We have to take more and more breaks. The track is going up and down with very steep parts. After an hour we take a break in another small village under the roof of an unfinished hut. Again the villagers gather around us. They are interested but respect our privacy and smile. The younger ones are even a bit shy.
The track is getting better from now on. We have to cross two small rivers. In the second, we take another bath to cool down.
Finally we reach the paved road after 9 hours. Still 18 km to Ta Oy where we want to stay the night. In Ta Oy is also the first ATM since we entered Laos. Unfortunately it doesn’t accept VISA cards.
The next day we get up at 5 am to escape the heat. The road is well paved, but the road building companies seem not to know the concept of serpentines. The day in pictures:
At noon we take a break but cannot cool down. We spend the last money on Pho and try to hitchhike. It doesn’t work. We cannot wait until evening, because the power of the Pho is already digested by then. We have still more than 35 km to go. The temperatures are way above 40°C. The humidity is sauna-ish. In the morning the trees cast long shadows. At noon we are happy for shadows that cover our face. Our goal for today is Salavan. O’Salavan, it feels like cycling to an Irish Pub knowing they ran out of Guiness. Around two hours before we arrive my body stops sweating. As a side note: You drink 8 liters of water a day, but you don’t have to use a bathroom once.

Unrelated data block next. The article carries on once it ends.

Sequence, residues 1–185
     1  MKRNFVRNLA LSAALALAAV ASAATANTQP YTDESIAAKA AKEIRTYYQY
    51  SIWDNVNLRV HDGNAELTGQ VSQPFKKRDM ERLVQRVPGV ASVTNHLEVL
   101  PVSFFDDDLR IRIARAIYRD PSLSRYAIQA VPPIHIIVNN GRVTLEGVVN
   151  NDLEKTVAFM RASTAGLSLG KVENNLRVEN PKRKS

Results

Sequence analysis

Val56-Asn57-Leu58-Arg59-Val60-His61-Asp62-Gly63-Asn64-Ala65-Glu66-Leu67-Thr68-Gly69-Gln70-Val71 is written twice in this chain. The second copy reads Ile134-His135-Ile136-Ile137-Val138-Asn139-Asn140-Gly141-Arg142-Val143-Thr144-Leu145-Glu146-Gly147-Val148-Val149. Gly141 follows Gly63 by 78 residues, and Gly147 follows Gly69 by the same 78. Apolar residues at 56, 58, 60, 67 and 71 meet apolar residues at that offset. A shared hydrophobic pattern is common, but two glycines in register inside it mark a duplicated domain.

I pour the water from the bottles all over me to stay cool until we finally arrive in Salavan. I wobble to a guesthouse which is way to expensive. I wobble to another one which is the same price and worse, but I have no more power to be picky. Cora feels a bit better. The reason is soon obvious: I have fever. I just didn’t notice it, because of the strong heat. The fever isn’t serious so the next morning we decide to continue only 30 km to Tad Lo, which has some waterfalls and seems much more a place to relax than Salavan. In fact it is.
We take a bath right below the waterfall and the water is surprisingly cool. Later three tourists come. It is a rather peaceful village where we stay two nights to make sure I recover properly.
The next goal is Pakse around 90 km away. We again start very early in the morning. At lunch we arrive in a small village with another waterfall. We go to a pretty big restaurant where buses of tourists get unloaded. A sheet in German is laying on the table. On it a Lao guy explains how he got the permission from the government to prepare this area for tourism. When he arrived there was no road. The tribes people had shot almost every bird from the trees and caught almost every fish, because they didn’t find any other food. With elephants they started to clean the river and removed a lot of dead trees to make the river and waterfall reachable again. The restaurant we were sitting in was build mostly of these trees. Then they started to make the whole area like a park by removing bigger rocks and building a road. They even built tree houses in the style of the tribes people, where tourists can sleep. Finally, they opened up a museum to share the history, life and traditions of the tribes people. When everything was done and the restaurant had opened for two days, the Lao guy who coordinated all this got Malaria. After being in coma he woke up blind.